It is expected to have limited impact as Republicans in US states push a wave of laws restricting abortion, access to medication and funding for such services.
‘Last night in Kansas they found out’
The vote was a resounding win for the abortion rights movement in the first statewide electoral test since the Supreme Court ruling.
President Joe Biden, left, and Veterans Affairs Secretary Denis McDonough attend the first meeting of the interagency Task Force on Reproductive Healthcare Access virtually in Washington on Wednesday, 3 August 2022. Source: AAP / AP
“I don’t think the court has any notion for that matter or the Republican party for that matter…how women are going to respond. They don’t have a clue about the power of American women,” Mr Biden said.
“This fight is not over and we saw that last night in Kansas,” Mr Biden said.
The Supreme Court “practically dared women in this country go to the ballot box and restore the right to choose,” that it had just stripped away, Mr Biden said.
Impact of Roe v Wade ruling
Last month, Biden said the Supreme Court, which is weighted 6-3 with conservative judges, was “out of control” after ruling in June to overturn Roe v Wade, ending a half-century of protections for women’s reproductive rights.
It calls on Health and Human Services Secretary Xavier Becerra to consider inviting states to apply for Medicaid waivers when treating patients who cross state lines for reproductive health services, the official said, without giving additional details.
What does the order entail?
The Hyde Amendment, a Congressional measure, states that Medicaid will not pay for an abortion unless the woman’s life is in danger or the pregnancy resulted from rape or incest, making the effectiveness of the order uncertain.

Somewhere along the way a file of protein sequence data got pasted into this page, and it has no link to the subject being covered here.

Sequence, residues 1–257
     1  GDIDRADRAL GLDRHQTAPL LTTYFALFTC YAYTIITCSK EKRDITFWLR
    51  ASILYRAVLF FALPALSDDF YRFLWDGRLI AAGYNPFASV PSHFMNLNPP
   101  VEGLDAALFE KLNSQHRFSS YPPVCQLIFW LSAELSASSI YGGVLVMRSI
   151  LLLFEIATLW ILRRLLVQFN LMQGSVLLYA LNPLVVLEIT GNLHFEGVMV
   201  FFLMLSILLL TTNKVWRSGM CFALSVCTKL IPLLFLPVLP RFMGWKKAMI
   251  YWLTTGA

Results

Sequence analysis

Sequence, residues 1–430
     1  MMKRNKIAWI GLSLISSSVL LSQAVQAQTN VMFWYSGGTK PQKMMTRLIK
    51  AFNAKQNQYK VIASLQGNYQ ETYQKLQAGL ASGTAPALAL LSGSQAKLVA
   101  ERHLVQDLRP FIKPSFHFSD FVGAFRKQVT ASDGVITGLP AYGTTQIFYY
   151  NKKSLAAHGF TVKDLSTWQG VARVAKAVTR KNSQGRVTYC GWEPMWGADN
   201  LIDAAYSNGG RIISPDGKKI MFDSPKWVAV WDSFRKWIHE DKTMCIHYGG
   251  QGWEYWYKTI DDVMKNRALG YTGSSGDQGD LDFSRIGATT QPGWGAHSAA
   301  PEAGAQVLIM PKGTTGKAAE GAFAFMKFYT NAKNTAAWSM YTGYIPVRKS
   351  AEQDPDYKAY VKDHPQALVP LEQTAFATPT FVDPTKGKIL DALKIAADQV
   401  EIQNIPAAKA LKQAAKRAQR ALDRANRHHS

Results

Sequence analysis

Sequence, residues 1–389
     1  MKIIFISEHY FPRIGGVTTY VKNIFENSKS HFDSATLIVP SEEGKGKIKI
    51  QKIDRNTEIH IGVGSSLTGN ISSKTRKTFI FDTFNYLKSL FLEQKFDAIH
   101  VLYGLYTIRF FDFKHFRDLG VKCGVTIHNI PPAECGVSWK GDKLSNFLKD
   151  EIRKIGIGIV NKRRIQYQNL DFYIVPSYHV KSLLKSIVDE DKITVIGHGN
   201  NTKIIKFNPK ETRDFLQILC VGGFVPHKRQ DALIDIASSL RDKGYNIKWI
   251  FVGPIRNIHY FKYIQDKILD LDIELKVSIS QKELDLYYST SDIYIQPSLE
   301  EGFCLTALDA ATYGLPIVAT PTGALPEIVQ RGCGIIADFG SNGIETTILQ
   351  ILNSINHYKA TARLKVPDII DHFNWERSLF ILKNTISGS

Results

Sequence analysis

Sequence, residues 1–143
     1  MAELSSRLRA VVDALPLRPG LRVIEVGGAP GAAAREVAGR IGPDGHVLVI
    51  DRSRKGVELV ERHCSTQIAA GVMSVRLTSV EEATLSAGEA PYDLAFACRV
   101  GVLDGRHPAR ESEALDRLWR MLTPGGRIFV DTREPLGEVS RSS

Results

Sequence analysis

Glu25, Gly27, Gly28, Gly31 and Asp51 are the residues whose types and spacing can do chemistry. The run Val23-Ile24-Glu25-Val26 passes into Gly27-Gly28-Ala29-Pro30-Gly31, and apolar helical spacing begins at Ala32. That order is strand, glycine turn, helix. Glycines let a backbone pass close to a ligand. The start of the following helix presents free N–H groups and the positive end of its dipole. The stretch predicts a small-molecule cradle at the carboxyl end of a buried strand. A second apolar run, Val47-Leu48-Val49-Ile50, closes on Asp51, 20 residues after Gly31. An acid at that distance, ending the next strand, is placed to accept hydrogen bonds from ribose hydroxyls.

Senate Democrats rejected Mr Biden’s call to lift the chamber’s “filibuster” rule requiring 60 of the 100 senators to agree on most legislation to allow them to pass a law establishing a national right to abortion.
Kansas abortion vote rocks US midterms outlook
The surprise vote in Republican-heavy Kansas to repudiate a push for abortion bans fired shockwaves through the US political landscape ahead of November’s midterm elections, with Mr Biden’s Democrats now seeing a glimmer of hope that they may avoid their predicted drubbing.
The state is a Republican stronghold, but in Tuesday’s referendum, a bid to remove abortion rights from the Kansas constitution was rejected by 59 to 41 per cent, with an unusually heavy turnout.
Given this was the first time Americans had an opportunity to vote on the issue since the conservative-dominated Supreme Court ruled to overturn the half-century-old Roe v Wade decision enshrining abortion rights, Democrats are celebrating the result — and say a major backlash is only beginning.
The organisation’s president, Alexis McGill Johnson, also called on voters to keep up the momentum into the midterms.
“We have the opportunity to protect abortion access at the ballot box in November. We know that Kansas will not be our last fight or our last victory.”
The November midterms, which will decide which party controls Congress for the last two years of Mr Biden’s first term, are shaping up as rough for Democrats who even now only control the legislature by a few votes.
Donald Trump is pushing hardline right-wing candidates to boost his brand and possibly set the stage for his own attempted White House comeback in 2024.
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